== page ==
any part of the city. Terms cash.
Corner Eleventh and Olive Streets.
Manufacturer and dealer in
Wooden nnd Metalic Burial Caskets
All kinds and sizes of Kobes also
has the sole right to manufac
ture and sell the
Smith's Hammock Redlining Chair.
Cabinet Turning and Scroll work, Pie
tures, Picture Frames and Mouldings,
Looking-glass Plates, Walnut Lumber,
etc., etc. COLUMBUS, NEB.
EBER & feUOBEL,
HEAT HAHIET !
Oa Eleveatk Street,
Where meats are almost given away
Beef per lb., from 3 10 cts.
Best steak, per lb., 10 "
Mutton, per lb., from 6 10 "
Sausage, perlb., from 8 10 "
jp3Special prices to hotels. 5C2-ly
LAW, REAL ESTATE
W. S. GEEE.
H .CONEY TO LOAN In small lota on
jjJL farm property, time one to three
years. Farms with some improvements
bought and sold. Office for the present
at tue cietncr iiouse, Columbus, Neb.
Restaurant and Saloon!
E. D. SHEEHAN, Proprietor.
SSTWholesale ind Retail Dealcrin For
eign Wines, Liquors and Cigars, Dub
lin Stout, Scotch and Erglish Ales.
3TKentucky Whiskies a Specialty.
OYSTERS in their season, by the case
can or dish.
lit Street, -So htefDemet
ATTORN EYS-AT-L A W,
Up-stairs in Gluck Building, 11th street,
Above the New bank.
tow J. mAUGiiAi,
JUSTICE Of THE PEACE AND
12th Street, 2 doors west of Hammond Hoase,
Columbus, Neb. 491-y
K. 91. B. THURSTON
Office over corner of 11th and North-st.
AJloperatious first-clas and warranted.
CHICAGO BARBEK SHOP!
HENRY WOODS, Pkop'r.
JSTEverything in first-class style.
Also keep the best of cigars. 51G-y
A TTOllNEYS A T LA W,
Office up-stairs" in McAllister's build
ing. 11th St. W. A. McAllister, Notary
M. MACFAKLANP, II. R. COWDKRY,
J-Atterr7 4 KoUry PstHe. CcUertor.
LAWr AND COLLECTION OFFICE
JOHN M. MACFARLAND,
Columbus,' : : : Nebraska:
llth St., nearly opp. Gluck's store,
Sells Harness, Saddles, Collars, Whips,
Blanket, Curry Combs, Brushes, etc.,
at the lowcsit possible prices. Repairs
promptly attended to.
And General Collection Agent,
St. Edwards, Boone Co., Neb.
Justiceof the Peace and
ATTORNEY AT LAW, Columbus
Nebraska. N. B. He will give
close attention to all business entrusted
to him. -""8
X OU1S SCHREIBER,
BLACKSMITH AND WAGON MAKER.
All kinds of repairing done on short
notice. Buggies, Wagons, etc., made to
order, and all work guaranteed.
l5TShop opposite the "Tattersall,"
Olive Street. !,2
Tj J. SCHUG, M . B.,
PHYSICIAN AND SURGEON,
0ffceNebra8ka Avenue, opposite the
Clother House, three doors north or
Bank, up-stairs. Consultation In Ger
man and English.
JAMES PEARS ALL
IS PREPARED, WITH
To remove houses at reasonable
rates. Give him a call.
ltkTO'riCE TO TEACHERS.
J. E. Moncrief, Co. Supt.,
Will be in his office at the Court House
on the first and last Saturdays of each
month for the purpose of examining
applicants for teacher's certificates, and
for the transaction of any other business
pertaining to schools. CCT-y
Drs. MITCHELL & KABTTH,
UEDlCil i m&m INSTITUTE.
Surgeons O., N. & B. H. R. R.,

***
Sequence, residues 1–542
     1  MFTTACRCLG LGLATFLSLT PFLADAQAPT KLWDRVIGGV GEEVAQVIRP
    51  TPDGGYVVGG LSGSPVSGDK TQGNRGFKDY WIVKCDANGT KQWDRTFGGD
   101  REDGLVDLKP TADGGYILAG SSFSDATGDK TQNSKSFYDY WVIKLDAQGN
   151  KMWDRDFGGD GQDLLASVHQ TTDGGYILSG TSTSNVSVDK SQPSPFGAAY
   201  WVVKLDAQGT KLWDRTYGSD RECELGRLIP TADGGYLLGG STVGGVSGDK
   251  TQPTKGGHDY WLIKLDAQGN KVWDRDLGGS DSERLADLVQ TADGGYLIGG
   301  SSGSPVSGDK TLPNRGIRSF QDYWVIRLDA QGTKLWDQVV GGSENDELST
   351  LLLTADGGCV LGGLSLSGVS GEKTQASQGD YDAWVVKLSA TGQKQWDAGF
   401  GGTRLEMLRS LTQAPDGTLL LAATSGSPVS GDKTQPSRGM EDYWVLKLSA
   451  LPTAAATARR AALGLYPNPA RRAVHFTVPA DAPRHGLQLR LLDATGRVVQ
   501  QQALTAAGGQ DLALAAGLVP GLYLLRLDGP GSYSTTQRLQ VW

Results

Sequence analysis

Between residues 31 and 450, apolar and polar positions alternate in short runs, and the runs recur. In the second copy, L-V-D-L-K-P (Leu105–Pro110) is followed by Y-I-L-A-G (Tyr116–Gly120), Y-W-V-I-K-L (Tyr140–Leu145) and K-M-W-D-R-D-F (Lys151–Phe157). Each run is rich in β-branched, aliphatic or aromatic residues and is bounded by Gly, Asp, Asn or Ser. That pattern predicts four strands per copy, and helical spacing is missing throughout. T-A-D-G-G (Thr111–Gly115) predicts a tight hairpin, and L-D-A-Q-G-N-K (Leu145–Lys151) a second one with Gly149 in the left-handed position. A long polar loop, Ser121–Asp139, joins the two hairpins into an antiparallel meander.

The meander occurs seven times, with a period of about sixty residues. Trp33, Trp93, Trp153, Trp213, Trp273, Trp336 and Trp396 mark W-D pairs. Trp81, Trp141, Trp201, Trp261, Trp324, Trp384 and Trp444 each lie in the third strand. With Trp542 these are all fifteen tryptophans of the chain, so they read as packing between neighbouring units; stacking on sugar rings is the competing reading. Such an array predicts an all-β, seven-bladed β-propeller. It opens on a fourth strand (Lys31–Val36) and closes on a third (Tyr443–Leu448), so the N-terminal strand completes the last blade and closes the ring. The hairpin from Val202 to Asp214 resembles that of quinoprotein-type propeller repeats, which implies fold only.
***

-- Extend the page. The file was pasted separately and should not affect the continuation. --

Asst. Surgeons U. P. R'y,
PHYSICIANS, CLERGYMEN, AND
THE AFFLICTED EVERYWHERE.
THE GREATEST MEDICAL
TRIUMPH OF THE AGE.
SYMPTOMS OF A
theHead,with dull sensation in
Pain in theHead,with a dull sensation in
the back part. Pain under the shoulder-
Pain under the ahonlder
i after eating, with a disin-
blade, fullness i
clinatjqn to exertion of body or mind.
Irritability of temper. Low spirits. Loss
of memory, with a feeling or baring neg-
1 . A mi i ....r ... ! I .Ji
Fluttering of the Heart, Dots before the
eyes, bellow 8 kin. Headache. Bestless-
neas at night, highly colored Urine.
T TUKKtt WAUTOGB ASS UXHZEDED,
SERIOUS DISEASES WILL SOON BE DEVELOPED.
TUTTS FILLS are especially adapted to
snchcaestonedose effects nuchachange
of feeling as to astonish the sufferer.
They Increase tb Appetite, and cause the
body to Take ea flesh, thus the system la
!. and by thtflrToileAetlOMon the
Dlgeatt rw Oiaaaa, Kea'nlar toU are pro
dacad. Price g centx Murray HU. Jt.Y.
TUn'S HAIR DYE,
Okat Hint or WmBKKitn changed to a Oumr
Black by a single application of this Dye. It
Imparts a natural color, acts Instantaneously.
Scld Lj OrnggisU, or tent by exprec on receipt of (1.
Office, 35 Murray St., New York.
Sr. ILIIH BAIC1L mt TtluM UlWastUa aaa
CmcU UtfU H to auIkS Wl a sysKwll.f
For the Journal.
TO JUDGE A. C. TURNER THESE LINES ARE
There is rest in the vales of Somewhere,
And Peace like an angel waits,
Lcaiiing the world's sad mourners
To a place within her gates.
Out on the blue hills of Somewhere,
And this world like a picture lies,
Is a land that to us is in shadow,
Where fields in their beauty rise.
Afloat on the oceans of Somewhere
Is a bark with a silv'ry sail.
Gathering the loved and the lost ones
From the hand of the Reaper, pale.
(to the golden rivers of Somewhere
With their balm of immortal breath
Are mists that enfold us so tender
There'll be no more fears of death.
Upon the green islands of Somewhere
No dull human steps can tn-ad:
But radiance streams o'er the waters
Through the silent halls of the dead.
On the vine-clad mountains of Some
where, And the world goes by like a dream,
There Age returns to its Su-iug-time
Crossing the mystical stream".
Far away on the white shores of Some
With rose-leaf shells on the sand
Our mansion is blooming in splendor
With the joys of the Summer Lar.d.
All aglow in the gardens of Somcwhcro
There are flowers with faces divine
And chorals that thrill-with their an
thems Each heart, sad as yours aud mine.
Shall language be spoken iu Somewhere
Or thought be electric as light,
And souls be transparent as noonday
While lobed in their vestments of